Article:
You all probably know that the code inside Emacs is readable.  If you
know Emacs Lisp, you can read and understand most of what's happening.
That also means that if something doesn't work for me, if it is not
accessible, I can either make my own accessible replacement that calls
that functionality, or I can do what Emacspeak does and advise that
function.

For example, `org-capture' is not accessible because it asks me to
press a key to indicate what I'm capturing.  The reason is that it's
waiting for a key press, so when I press any key to read the buffer,
it stops.

So, all I needed to do was to make my own function, `capture-todo'
that would call `org-capture' with the `t' flag for TODO, and bind
that to a key.

If it was any other application, I would have to ask someone to tell
me what the screen says, write down what I need to do in a file or
memorize it, and refer to it every time I forgot.

* How else does Emacs make me more productive?

But still, Emacs helps me in a lot of other ways.

One thing is navigating quickly to where I want to go.  For example,
YAML is a mark-up language that depends a lot on indentation.  Even
though Emacspeak tells me how many spaces a line is indented by, if I
wanted to find something in a YAML file that is indented one level
less than the line I am at, i would have to press down arrow, listen
to the indentations in the line, press down arrow again, listen to the
indentation again, and so on.  It would take me a long time to get to
the line with less indentation, whereas for a sighted person, it would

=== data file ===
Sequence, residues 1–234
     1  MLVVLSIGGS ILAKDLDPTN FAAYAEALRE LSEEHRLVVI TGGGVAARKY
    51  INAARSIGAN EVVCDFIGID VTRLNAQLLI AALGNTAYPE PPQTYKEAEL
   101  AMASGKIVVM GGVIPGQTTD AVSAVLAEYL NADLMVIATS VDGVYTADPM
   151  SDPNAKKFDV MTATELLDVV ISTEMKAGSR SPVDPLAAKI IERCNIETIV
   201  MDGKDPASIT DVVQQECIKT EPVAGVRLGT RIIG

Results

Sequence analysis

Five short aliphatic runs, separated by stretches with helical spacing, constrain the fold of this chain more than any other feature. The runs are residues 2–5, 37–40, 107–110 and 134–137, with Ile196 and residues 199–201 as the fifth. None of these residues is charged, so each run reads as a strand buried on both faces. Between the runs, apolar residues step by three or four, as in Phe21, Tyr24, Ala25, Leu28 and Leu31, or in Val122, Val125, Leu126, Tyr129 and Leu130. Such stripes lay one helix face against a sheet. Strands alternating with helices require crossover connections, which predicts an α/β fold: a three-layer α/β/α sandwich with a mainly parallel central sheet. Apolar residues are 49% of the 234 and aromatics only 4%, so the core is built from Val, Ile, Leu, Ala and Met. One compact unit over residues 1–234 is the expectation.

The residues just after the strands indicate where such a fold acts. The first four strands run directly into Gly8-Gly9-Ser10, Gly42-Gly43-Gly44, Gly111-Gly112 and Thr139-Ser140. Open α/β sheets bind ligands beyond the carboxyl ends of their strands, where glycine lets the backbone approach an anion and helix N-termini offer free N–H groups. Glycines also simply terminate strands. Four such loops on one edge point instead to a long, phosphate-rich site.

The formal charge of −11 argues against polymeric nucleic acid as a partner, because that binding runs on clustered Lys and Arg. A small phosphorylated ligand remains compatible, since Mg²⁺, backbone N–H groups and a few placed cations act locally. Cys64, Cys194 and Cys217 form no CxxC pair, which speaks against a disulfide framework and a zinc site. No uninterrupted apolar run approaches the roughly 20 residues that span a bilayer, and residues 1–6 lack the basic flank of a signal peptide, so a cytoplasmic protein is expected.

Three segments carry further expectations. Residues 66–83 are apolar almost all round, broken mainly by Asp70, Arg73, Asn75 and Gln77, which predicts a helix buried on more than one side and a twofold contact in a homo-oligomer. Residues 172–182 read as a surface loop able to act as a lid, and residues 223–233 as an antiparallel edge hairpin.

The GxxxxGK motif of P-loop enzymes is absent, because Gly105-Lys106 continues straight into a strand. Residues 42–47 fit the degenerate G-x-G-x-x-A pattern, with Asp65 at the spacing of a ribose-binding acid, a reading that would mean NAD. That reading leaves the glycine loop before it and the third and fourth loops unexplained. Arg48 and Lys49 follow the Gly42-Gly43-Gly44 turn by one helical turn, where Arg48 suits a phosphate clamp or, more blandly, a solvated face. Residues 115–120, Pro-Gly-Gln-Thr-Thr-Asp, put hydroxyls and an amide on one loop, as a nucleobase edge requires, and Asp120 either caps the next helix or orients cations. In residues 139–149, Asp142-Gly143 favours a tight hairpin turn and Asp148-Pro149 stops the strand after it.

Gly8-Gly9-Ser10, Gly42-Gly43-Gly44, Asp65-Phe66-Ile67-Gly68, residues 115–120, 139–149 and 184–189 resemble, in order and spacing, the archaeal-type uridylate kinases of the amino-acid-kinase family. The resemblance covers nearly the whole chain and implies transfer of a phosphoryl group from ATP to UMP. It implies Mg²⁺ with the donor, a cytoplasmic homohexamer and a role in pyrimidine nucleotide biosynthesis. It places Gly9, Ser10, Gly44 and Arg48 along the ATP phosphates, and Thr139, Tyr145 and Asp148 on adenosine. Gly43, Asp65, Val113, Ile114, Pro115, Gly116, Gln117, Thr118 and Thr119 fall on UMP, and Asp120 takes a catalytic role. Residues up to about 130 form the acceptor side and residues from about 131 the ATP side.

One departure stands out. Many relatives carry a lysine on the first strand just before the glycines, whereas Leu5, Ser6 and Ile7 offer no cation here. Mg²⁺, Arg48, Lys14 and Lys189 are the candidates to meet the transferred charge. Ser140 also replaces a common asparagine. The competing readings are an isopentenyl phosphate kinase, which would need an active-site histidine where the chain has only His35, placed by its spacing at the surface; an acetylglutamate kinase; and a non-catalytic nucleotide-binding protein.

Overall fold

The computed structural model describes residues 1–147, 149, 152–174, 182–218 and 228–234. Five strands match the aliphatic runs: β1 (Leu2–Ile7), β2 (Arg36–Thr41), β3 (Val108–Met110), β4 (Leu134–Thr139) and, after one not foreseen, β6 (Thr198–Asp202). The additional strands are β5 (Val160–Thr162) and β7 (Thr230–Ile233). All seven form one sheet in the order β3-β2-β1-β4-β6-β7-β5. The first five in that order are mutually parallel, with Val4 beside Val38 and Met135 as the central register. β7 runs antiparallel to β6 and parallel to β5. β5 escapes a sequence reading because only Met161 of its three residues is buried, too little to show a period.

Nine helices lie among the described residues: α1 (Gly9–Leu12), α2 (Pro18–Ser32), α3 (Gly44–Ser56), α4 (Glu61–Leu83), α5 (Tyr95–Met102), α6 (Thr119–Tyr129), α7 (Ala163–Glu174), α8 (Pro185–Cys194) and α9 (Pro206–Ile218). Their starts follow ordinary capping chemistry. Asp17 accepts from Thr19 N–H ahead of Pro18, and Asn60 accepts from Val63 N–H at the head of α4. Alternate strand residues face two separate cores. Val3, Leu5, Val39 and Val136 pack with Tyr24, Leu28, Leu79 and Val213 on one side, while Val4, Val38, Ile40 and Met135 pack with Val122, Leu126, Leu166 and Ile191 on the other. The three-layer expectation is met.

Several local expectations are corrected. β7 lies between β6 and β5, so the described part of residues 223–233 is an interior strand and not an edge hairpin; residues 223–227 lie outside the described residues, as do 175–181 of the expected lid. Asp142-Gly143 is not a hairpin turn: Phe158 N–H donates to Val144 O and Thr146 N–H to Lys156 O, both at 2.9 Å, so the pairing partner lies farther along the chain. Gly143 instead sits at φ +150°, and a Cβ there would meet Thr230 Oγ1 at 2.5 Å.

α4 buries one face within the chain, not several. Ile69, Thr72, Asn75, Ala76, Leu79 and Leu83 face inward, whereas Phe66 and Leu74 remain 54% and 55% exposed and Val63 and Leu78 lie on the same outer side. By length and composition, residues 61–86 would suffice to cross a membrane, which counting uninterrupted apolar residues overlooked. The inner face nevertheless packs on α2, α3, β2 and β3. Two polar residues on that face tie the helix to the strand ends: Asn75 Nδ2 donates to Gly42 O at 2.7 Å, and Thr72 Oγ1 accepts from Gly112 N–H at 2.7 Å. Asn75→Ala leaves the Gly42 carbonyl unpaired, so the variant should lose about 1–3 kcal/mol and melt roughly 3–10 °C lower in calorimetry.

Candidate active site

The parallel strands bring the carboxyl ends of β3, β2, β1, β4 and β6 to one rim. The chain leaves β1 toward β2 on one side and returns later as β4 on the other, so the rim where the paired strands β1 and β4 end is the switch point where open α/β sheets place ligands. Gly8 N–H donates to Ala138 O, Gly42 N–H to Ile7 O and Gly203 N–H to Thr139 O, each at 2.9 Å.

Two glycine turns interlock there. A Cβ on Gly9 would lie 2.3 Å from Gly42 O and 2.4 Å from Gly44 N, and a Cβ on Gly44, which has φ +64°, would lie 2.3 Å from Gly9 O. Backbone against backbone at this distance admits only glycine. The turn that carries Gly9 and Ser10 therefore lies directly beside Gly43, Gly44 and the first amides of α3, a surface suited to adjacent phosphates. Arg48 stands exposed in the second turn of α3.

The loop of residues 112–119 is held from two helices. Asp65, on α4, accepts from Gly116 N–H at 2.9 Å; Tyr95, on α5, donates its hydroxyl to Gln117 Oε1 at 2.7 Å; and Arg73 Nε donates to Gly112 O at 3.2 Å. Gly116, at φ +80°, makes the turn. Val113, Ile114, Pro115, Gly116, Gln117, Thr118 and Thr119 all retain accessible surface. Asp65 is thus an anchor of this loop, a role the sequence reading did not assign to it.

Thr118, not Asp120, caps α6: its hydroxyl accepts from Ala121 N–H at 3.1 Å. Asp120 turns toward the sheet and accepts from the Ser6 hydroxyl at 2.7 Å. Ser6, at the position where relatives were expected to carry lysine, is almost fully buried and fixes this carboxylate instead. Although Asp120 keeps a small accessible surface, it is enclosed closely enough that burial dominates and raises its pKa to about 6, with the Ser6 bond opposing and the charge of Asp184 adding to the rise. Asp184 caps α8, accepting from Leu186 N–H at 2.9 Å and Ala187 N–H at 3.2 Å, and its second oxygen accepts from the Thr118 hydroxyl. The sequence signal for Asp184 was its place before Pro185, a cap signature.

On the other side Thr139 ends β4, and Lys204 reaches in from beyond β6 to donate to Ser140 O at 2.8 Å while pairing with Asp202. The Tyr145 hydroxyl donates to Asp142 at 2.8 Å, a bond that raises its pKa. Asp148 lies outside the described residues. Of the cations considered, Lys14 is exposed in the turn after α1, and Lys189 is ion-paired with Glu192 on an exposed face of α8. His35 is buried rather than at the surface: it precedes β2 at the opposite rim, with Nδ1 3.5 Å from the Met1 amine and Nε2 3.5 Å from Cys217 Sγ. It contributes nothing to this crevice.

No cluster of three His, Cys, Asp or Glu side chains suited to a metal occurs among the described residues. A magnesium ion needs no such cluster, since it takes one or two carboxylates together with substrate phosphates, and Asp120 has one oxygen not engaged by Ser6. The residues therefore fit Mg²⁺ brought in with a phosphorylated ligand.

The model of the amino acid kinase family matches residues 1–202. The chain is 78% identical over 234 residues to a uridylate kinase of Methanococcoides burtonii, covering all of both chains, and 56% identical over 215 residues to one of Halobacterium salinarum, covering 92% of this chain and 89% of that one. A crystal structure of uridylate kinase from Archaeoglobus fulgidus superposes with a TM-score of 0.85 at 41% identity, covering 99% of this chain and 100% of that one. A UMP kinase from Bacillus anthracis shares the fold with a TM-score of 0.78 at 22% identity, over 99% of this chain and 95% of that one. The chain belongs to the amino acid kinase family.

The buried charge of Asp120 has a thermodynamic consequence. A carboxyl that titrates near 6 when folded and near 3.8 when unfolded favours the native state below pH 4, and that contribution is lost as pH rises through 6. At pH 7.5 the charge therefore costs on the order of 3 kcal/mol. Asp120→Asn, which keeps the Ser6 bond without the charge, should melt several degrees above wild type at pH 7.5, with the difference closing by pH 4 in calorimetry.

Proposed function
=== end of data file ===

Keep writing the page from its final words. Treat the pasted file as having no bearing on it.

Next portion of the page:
probably be as easy as scrolling down until they find a line that is
indented less.

However, because of Emacs' nature, I can write a function that does
the skimming for me faster than any human could, and drop me at the
line with less indentation.

Another thing that Emacs helps me a lot with is that it's fast.  The
fact that I can do anything with a keystroke means that I don't have
to use my screen reader to look for controls in an application.

An example of this is Omnifocus versus org-mode.  Omnifocus is a
wonderful application for GTD practitioners: it lets you create TODO
lists, assign them to projects, review your day or your week, and so
much more.

Org-mode allows you to do the same things, but it takes a long time to
set up.  You have to figure out how you will mark projects, where you
will store them, how you will assign a TODO item to a project, how you
will pull in your calendar data, and so on.  It's easy once you've
gone through the pain, but it's way faster to start with Omnifocus as
opposed to org-mode.

However, once I set up org-mode, I was way more productive in it than
Omnifocus.  It only took me a few keystrokes to move an item from my
inbox to a project, from project to project, from projects to
archives, and so on, because everything has a keystroke.  It's very
easy for me to see what my team is working on, and follow up with
people when deadlines are approaching.  It helps me take notes in
real-time when someone in my team does something great, so that I can
thank them and mention it in their performance review.

And if something doesn't exist and doesn't have a keystroke, it's very
easy to use the existing functionality as building blocks and write
something which makes me extraordinarily faster.

* Conclusion

As I said in the beginning of this talk, my aim here is to tell you
all how Emacs is helping me be way more productive and get a lot more
done, and to applaud all of you for making Emacs better and better
every day.

Thank you.

#  LocalWords:  APIs Emacspeak Raman API IDE org IDEs IntelliJ todo
#  LocalWords:  Gitlab Trello Docs TODO JIRA QT linux YAML Omnifocus
#  LocalWords:  GTD inbox